When most people think of fantasy football, they think of a bunch of hardcore fans — all-American men — sitting around talking about football players. This might have been the reality 10 or so years ago when fantasy first became popular. Today, however, fantasy football appeals to a much broader range of people. ESPN estimates that around 18 percent of the fantasy sports content on its website is consumed by women. In addition, many people outside the U.S. appear to be playing.
This interest in fantasy football appears to have a lot of momentum. The Fantasy Sports Trade Association estimates that nearly 57 million people played fantasy football in the US and Canada in 2014. American Express is projecting that almost 75 million Americans will play in 2015. With these numbers, I’m guessing that a lot of women, kids, and non-traditional NFL fans are involved.
My personal experience with fantasy football shows the broadening of interest in fantasy football.
I started playing fantasy last year with my friends on my street (all sixth grade boys). But this year, I am playing both with the group on my street and with a group of 11-12 year old girls from my class. Most of these girls don’t know really anything about football, but were encouraged to play to learn more and get more interested in the games on TV. My mom, who has almost no interest in football, is also joining a league with her friends.
All of this interest is having an impact on the business of football. Fantasy players are estimated to spend anywhere from $100 to almost $500 on fantasy leagues, creating a multi-billion dollar business.
But that’s just part of the story. Instead of just watching their hometown or favorite teams, viewers are likely tuning in to watch the guys on their fantasy teams play. This should mean a bigger audience for all the games and likely higher advertising revenues for the NFL. And because fantasy football players are interested in more players than just the ones on their favorite teams, they are likely buying a wider range of NFL jerseys and other merchandise. Here’s an example: For Christmas last year, I asked for a Jordy Nelson Bleacher Creature instead of one from my favorite team, the Eagles. I got to know and like Nelson because he was the wide receiver for my fantasy team and I followed him all season.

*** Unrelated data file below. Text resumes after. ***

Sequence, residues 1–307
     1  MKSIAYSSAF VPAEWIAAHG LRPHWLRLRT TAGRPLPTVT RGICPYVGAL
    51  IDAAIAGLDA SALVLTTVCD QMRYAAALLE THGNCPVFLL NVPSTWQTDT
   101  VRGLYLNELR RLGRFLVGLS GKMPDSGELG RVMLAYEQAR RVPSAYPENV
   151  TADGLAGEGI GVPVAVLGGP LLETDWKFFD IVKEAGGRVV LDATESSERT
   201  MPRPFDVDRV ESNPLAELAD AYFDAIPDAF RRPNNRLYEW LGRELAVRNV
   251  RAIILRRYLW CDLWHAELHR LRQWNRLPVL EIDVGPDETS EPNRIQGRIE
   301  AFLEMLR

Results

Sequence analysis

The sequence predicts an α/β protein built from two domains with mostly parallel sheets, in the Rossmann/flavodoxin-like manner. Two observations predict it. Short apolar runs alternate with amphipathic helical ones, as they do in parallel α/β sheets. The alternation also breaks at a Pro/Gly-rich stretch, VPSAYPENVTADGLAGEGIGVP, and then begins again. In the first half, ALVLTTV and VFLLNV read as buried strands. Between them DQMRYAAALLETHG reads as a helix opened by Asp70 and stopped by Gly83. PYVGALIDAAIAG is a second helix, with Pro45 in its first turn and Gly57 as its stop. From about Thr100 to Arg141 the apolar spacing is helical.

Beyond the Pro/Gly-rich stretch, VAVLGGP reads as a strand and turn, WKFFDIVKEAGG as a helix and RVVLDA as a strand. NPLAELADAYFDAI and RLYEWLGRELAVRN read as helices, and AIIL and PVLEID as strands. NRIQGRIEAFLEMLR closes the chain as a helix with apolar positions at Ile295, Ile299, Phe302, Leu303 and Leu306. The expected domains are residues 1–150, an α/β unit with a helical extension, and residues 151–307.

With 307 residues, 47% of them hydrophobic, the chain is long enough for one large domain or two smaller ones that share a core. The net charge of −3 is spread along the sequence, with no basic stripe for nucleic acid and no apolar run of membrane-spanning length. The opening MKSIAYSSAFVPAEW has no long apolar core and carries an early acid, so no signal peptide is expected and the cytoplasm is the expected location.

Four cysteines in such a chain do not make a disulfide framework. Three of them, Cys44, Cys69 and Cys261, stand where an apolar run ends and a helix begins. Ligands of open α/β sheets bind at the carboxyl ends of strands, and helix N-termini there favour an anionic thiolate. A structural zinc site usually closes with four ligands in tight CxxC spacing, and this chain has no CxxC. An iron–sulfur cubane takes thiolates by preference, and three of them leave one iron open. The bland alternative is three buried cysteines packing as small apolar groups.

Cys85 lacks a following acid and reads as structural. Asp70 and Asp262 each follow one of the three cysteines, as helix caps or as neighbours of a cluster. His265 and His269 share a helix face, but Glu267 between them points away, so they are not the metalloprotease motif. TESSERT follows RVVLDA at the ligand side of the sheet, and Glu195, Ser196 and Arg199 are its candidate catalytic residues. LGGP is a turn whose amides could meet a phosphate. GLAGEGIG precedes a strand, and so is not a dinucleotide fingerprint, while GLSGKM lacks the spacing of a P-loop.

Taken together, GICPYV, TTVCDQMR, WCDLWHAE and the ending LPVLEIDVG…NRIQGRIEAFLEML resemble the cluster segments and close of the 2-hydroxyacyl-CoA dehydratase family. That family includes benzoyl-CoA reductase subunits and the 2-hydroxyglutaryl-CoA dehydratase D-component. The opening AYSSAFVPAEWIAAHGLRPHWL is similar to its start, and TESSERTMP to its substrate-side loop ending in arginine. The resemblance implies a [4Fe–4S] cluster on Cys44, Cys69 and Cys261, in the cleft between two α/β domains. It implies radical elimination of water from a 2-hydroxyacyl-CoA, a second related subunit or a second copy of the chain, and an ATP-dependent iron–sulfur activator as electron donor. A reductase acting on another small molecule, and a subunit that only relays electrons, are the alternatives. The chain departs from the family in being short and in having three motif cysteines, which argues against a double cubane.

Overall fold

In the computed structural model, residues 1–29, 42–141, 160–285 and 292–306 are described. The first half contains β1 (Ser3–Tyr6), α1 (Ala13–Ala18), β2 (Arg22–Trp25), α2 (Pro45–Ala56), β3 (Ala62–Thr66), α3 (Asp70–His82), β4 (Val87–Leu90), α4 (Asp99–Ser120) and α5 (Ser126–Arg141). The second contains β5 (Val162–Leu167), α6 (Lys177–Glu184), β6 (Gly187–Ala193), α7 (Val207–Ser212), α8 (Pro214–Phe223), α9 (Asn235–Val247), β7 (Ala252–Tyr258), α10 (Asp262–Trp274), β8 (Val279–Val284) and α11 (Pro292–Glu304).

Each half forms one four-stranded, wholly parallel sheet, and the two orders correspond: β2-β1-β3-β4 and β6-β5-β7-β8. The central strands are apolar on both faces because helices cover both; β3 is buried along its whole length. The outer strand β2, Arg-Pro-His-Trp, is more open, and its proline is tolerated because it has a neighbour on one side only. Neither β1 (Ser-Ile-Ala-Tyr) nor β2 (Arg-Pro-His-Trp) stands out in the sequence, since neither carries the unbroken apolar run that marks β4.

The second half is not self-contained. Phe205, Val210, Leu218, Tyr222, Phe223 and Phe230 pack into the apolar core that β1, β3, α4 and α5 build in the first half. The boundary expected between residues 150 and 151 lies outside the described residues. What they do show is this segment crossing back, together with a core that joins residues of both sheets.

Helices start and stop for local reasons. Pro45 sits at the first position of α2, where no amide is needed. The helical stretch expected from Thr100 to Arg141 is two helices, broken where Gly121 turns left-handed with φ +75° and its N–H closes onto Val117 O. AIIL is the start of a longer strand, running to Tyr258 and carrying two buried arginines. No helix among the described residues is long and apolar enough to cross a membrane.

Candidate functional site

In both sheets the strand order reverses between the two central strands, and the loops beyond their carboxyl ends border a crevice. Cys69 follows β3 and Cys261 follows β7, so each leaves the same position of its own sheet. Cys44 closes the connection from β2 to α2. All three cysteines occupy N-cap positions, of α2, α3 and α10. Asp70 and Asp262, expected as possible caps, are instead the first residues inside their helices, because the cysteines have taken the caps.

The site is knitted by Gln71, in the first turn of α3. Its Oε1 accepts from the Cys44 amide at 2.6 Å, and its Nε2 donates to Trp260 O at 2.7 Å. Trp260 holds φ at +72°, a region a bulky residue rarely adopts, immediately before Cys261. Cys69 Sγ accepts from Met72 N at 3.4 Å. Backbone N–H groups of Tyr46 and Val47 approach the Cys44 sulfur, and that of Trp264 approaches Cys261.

But even though people seem to really like fantasy football — either by playing it or by profiting from it — some of the athletes on the field feel differently.
The broadening interest in football players seems to be taking away from team loyalty. “I think it has ruined the game. There are no true fans of the game,” former quarterback Jake Plummer told ESPN. “If I lost a game . . . no Denver [Broncos] fan was mad because I lost, but happy because I threw three TDs."
Gregg Jennings, wide receiver for the Miami Dolphins, echoed this negative sentiment. “It puts pressure on us to make sure we’re the liked player in that category,” he said. “It plays with your mind.”
When I interviewed Kansas City Chiefs running back Jamaal Charles earlier this year he, too, saw two sides of the fantasy coin. On one hand, he liked that he was drafted in the first round for many fantasy leagues after being a third-round pick in real life. But he also saw the downside when a wide range of people “trashed him” when he tore his ACL a few years ago.
Regardless of how you feel fantasy football is impacting real football, one thing is for sure: fantasy football is here to stay. And whether you are male or female, a kid or an adult, a hardcore NFL fan or a newbie, I wish you a great fantasy season!
Photos: Ronda Churchill for Sports Illustrated